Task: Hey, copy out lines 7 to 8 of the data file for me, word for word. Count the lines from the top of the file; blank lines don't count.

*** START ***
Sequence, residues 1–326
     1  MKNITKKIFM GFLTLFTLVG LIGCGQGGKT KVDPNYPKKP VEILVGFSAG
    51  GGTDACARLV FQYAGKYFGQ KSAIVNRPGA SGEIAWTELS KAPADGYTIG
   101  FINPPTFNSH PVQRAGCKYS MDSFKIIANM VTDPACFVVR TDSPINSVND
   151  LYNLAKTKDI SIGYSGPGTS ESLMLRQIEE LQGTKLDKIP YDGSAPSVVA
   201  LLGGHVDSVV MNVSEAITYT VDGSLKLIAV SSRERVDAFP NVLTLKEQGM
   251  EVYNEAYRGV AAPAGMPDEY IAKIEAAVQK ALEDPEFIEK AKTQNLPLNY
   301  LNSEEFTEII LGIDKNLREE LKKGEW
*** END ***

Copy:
   251  EVYNEAYRGV AAPAGMPDEY IAKIEAAVQK ALEDPEFIEK AKTQNLPLNY
   301  LNSEEFTEII LGIDKNLREE LKKGEW